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A Renter-Heavy Building Can Make Finding a Buyer Tough

by Shilpi Paul

A Renter-Heavy Building Can Make Finding a Buyer Tough: Figure 1

Not long after we posted an answer to a reader’s mortgage conundrum last week, UrbanTurf heard from another reader with a tricky situation. The homeowner is worried about being able to find a buyer for his condo given the renter-heavy nature of his building. We reached out to Tom O’Keefe at Prosperity Mortgage and Matt Rexrode at BB&T for an explanation. See the question and answers below.

Question:

I own a condo in a four-unit building. All the other units are rented out right now to long-term tenants. My realtor said I will have a hard time selling my unit because no buyer will be able to get a loan to purchase in the building given its current renter-to-owner ratio. Is this true? Any exceptions out there? Am I just stuck? HELP!

Answers:

Tom O’Keefe: The number of lenders and banks that will lend in a building with a 75 percent renter-to-owner occupant ratio is very small. Community or local banks that do not sell the loans or underwrite to agency (Fannie Mae/Freddie Mac/FHA) criteria tend not to care as much about the ratio and may be a good source for financing.

The reason behind this policy is that overall, the risk to the lender increases on any investment property. If an owner is in financial trouble they are more likely to fall behind or ‘let go’ of an investment property over their primary home. When the majority of the units in a building are owned by investors, it increases the risk to the lender because the overall financial health of the building (upkeep, insurance, reserves) is dependent on owners making their payments. Therefore, lenders are not as secure with a condo as collateral.

Matt Rexrode: Fannie Mae and Freddie Mac have a requirement that if they buy a loan in a 2-4 unit building, all but one of those units need to be owner occupied as a primary residence or second home. With a 4-unit condo project, the risk is high; if just one unit that’s a primary residence decides to rent out, the percentage swings by 25 percent. This reader will probably have a lot of difficulty selling their home due to the other owners making the choice to rent out their units.

See other articles related to: selling your home, mortgages, mortgage lending

This article originally published at https://dc.urbanturf.com/articles/blog/too_many_renters_can_make_finding_a_buyer_tough/5340

8 Comments

  1. KES said at 1:51 pm on Wednesday March 28, 2012:
    Thanks Urban Turf for the quick answer to this question! I'd love to hear whether other owners or lenders out there are aware of any banks that will make an exception to this.
  1. TP said at 4:04 pm on Wednesday March 28, 2012:
    Also what is a seller supposed to do in this situation? A seller can't dictate to their neighbors whether they should or should not rent out but it seems unfair for a bank to impose this kind of judgement on a building. This seems to disproportionately affect smaller condo buildings as well.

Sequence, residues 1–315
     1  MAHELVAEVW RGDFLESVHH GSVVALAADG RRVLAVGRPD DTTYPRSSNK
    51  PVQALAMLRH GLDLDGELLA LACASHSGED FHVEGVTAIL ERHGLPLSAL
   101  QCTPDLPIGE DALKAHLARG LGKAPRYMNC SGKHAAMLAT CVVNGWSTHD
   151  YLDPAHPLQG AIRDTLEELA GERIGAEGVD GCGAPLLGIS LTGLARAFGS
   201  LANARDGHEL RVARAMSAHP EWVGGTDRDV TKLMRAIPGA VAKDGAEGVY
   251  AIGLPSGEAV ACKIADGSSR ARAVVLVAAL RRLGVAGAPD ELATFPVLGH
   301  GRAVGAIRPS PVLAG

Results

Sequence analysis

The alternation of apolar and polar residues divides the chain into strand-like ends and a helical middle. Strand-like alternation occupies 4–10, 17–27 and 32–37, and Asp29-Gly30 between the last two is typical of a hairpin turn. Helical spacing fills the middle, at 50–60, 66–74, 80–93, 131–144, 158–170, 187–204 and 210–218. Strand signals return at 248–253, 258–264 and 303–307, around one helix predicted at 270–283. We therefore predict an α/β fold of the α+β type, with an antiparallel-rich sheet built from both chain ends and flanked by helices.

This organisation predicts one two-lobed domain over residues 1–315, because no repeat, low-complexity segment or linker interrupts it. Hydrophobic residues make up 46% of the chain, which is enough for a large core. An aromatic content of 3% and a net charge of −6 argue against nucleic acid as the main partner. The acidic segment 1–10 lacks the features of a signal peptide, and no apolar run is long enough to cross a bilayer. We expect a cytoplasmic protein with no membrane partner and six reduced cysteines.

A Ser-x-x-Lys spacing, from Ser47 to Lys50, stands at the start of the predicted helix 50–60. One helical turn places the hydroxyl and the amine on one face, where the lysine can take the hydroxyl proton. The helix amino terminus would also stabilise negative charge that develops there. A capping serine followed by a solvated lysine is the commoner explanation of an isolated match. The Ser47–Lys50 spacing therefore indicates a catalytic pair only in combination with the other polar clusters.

1. Rob said at 5:45 pm on Wednesday March 28, 2012:
    Many condo buildings have rules that limit renting, in order to prevent this kind of situation.
  1. mona said at 8:33 pm on Wednesday March 28, 2012:
    just had a friend go through this, couldn't purchase a condo because there were to many of the condo's in the building already rented out. Went to several banks but none were planning on keeping the loan so they turned them down. Some condo association will require you seek their permission to rent your place for this very reason. Small building should all adopt this rule or it ruins it for everyone else
  1. Andi said at 8:50 pm on Wednesday March 28, 2012:
    There should be rules in the condo docs that explicitly say that you can't rent out your unit. The problem with smaller, self-managed buildings is that owners don't always know why these rules are in place and they don't enforce them. It puts other owners in a bad situation. It is one of the cons of condo living because if you are upside down on your unit and have to move, you may not be able to rent out your unit and may be forced to either stay, pay a mortgage on an empty property or short sale.
  1. jag said at 4:52 am on Thursday March 29, 2012:
    Is it generally the case that a building must be more than 50% owner occupied for an established building (not under construction or anything like that) or is the number generally higher than that?
  1. KES said at 1:03 am on Friday March 30, 2012:
    I'm second jag's question. Let's say two units in our 4 unit building are owner occupied, one is rented, and one is for sale. Will lenders approve a loan in that case? After the sale closes building will be 75% owner occupied? What if two units are rented out - will that pass the test?
  1. JAG said at 11:36 pm on Monday February 20, 2017:
    my ten unit condominium is contemplating adding to the by-laws a rule that limits renting one's apartment should that push the investor/renter ration past 49%. Is this legal, and if so, would the existing owners who rent be grandfathered

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